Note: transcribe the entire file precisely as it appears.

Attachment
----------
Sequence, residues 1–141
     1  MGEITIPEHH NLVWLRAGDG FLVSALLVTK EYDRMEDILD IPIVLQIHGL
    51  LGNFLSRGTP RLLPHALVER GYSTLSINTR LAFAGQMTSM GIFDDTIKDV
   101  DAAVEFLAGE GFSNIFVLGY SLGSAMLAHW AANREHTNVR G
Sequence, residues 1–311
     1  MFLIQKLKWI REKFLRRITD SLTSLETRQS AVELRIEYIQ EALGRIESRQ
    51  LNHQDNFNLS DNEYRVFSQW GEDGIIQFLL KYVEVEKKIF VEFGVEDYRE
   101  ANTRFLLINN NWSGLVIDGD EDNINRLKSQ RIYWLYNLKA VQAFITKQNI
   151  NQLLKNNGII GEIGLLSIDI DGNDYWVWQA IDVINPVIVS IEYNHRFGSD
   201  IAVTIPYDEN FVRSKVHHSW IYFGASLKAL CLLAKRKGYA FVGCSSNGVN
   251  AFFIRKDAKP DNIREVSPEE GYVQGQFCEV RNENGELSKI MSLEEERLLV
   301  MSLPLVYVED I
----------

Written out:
Sequence, residues 1–141
     1  MGEITIPEHH NLVWLRAGDG FLVSALLVTK EYDRMEDILD IPIVLQIHGL
    51  LGNFLSRGTP RLLPHALVER GYSTLSINTR LAFAGQMTSM GIFDDTIKDV
   101  DAAVEFLAGE GFSNIFVLGY SLGSAMLAHW AANREHTNVR G
Sequence, residues 1–311
     1  MFLIQKLKWI REKFLRRITD SLTSLETRQS AVELRIEYIQ EALGRIESRQ
    51  LNHQDNFNLS DNEYRVFSQW GEDGIIQFLL KYVEVEKKIF VEFGVEDYRE
   101  ANTRFLLINN NWSGLVIDGD EDNINRLKSQ RIYWLYNLKA VQAFITKQNI
   151  NQLLKNNGII GEIGLLSIDI DGNDYWVWQA IDVINPVIVS IEYNHRFGSD
   201  IAVTIPYDEN FVRSKVHHSW IYFGASLKAL CLLAKRKGYA FVGCSSNGVN
   251  AFFIRKDAKP DNIREVSPEE GYVQGQFCEV RNENGELSKI MSLEEERLLV
   301  MSLPLVYVED I